There are two functional categories of smooth muscle called multiunit and single-unit types (fig. 11.21). Multiu-nit smooth muscle occurs in some of the largest arteries and pulmonary air passages, in the piloerector muscles of the hair follicles, and in the iris of the eye. Its innervation, although autonomic, is otherwise similar to that of skeletal muscle—the terminal branches of a nerve fiber synapse with individual myocytes and form a motor unit. Each motor unit contracts independently of the others, hence the name of this muscle type.
Single-unit smooth muscle is more widespread. It occurs in most blood vessels and in the digestive, respiratory, urinary, and reproductive tracts—thus, it is also called visceral muscle. In many of the hollow viscera, it forms two or more layers—typically an inner circular layer, in which the myocytes encircle the organ, and an outer longitudinal layer, in which the myocytes run lengthwise along the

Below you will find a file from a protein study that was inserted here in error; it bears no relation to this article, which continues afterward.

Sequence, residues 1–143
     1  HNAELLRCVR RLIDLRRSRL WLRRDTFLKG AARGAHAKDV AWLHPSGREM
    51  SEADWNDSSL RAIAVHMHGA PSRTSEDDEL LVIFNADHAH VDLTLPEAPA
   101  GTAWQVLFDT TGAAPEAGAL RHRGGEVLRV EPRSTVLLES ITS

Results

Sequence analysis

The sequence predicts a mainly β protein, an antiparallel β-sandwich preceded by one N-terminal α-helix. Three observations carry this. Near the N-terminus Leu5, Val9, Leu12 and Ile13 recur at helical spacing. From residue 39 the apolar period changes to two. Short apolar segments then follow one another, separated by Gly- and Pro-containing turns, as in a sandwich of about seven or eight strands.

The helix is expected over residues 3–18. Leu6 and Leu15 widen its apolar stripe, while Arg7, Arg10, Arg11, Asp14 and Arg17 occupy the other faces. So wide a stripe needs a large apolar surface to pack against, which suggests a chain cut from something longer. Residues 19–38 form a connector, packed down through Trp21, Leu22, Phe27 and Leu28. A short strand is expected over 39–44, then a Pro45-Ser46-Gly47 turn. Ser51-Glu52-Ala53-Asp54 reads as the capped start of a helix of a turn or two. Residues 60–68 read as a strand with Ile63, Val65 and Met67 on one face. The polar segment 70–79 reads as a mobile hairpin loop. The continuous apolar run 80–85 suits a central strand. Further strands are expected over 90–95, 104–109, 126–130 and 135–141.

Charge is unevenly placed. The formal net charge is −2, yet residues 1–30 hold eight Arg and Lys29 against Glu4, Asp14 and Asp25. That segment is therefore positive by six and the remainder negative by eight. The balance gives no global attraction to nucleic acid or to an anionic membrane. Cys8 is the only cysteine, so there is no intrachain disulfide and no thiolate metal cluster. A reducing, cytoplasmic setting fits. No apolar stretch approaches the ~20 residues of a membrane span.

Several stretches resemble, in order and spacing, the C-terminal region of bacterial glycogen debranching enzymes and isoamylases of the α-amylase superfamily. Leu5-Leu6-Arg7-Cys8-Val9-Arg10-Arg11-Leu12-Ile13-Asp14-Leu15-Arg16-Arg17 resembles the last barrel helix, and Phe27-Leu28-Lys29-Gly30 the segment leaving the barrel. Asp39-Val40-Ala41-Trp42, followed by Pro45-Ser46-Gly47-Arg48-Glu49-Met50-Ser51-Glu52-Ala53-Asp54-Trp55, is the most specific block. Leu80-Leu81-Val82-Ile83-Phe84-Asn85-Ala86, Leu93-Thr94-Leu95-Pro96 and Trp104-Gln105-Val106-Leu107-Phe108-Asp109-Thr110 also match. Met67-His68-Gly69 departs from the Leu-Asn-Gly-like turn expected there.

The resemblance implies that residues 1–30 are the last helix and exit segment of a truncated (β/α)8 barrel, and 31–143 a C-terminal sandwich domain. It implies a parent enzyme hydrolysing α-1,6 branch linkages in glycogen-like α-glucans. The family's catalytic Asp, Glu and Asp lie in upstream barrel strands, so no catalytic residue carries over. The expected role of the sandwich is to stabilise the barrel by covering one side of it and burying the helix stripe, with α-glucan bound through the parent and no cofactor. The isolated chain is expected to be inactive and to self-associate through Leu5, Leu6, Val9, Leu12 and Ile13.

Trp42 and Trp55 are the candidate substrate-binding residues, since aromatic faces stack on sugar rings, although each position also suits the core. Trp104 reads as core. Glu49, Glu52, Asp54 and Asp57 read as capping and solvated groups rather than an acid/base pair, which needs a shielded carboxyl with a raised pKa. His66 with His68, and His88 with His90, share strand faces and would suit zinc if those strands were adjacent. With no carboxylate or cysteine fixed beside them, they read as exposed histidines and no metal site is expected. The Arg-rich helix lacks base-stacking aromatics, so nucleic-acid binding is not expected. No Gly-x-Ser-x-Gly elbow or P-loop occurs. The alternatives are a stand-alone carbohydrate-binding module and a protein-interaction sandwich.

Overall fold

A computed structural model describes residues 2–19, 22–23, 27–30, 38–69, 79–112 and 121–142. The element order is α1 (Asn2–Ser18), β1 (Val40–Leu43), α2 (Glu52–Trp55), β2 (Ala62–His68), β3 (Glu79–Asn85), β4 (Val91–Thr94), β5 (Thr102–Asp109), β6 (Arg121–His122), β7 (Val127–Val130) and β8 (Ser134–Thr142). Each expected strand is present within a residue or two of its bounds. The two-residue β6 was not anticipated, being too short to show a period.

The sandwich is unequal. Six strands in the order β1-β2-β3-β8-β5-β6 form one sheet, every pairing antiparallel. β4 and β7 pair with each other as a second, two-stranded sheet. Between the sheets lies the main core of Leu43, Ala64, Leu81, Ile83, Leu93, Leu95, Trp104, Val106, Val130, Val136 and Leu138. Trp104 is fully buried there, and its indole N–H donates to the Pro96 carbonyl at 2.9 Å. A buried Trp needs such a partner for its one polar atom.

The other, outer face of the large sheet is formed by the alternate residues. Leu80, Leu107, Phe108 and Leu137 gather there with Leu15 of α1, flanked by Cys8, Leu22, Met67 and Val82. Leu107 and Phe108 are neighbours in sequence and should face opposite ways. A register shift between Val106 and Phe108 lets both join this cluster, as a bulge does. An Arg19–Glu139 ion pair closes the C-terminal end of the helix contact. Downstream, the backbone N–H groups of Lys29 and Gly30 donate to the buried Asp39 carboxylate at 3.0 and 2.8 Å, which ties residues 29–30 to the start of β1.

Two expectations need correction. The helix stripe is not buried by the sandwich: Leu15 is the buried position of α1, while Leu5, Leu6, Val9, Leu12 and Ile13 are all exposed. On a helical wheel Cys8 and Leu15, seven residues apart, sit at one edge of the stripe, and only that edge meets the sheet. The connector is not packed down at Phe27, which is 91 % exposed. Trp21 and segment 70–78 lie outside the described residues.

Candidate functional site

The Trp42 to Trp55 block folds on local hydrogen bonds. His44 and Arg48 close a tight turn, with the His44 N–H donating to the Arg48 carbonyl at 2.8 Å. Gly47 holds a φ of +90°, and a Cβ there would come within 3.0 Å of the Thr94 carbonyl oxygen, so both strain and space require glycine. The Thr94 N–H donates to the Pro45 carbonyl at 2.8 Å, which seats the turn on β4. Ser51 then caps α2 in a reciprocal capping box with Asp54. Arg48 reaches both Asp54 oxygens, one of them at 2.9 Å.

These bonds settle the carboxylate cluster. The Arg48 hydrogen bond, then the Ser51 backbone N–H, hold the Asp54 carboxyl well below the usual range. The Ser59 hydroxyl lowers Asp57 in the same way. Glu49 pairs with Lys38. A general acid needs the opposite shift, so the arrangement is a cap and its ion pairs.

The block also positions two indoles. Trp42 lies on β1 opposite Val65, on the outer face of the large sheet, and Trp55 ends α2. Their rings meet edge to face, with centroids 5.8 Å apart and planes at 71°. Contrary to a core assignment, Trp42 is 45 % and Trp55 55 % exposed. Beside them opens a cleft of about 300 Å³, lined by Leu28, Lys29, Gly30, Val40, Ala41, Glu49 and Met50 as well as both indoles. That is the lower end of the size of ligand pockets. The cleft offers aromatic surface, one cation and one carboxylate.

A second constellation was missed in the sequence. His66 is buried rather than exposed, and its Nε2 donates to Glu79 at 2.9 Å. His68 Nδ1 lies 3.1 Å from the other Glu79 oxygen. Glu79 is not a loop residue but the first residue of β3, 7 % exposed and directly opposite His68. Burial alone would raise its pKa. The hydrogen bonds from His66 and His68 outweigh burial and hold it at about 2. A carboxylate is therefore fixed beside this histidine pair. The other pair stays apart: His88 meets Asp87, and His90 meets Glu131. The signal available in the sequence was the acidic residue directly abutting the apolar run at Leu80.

Saladin: Anatomy & I 11. Muscular Tissue I Text I © The McGraw-Hill
Physiology: The Unity of Companies, 2003 Form and Function, Third Edition
434 Part Two Support and Movement organ (fig. 11.22). The name single-unit refers to the fact that the myocytes of this type of muscle are electrically coupled to each other by gap junctions. Thus, they directly stimulate each other and a large number of cells contract as a unit, almost as if they were a single cell.
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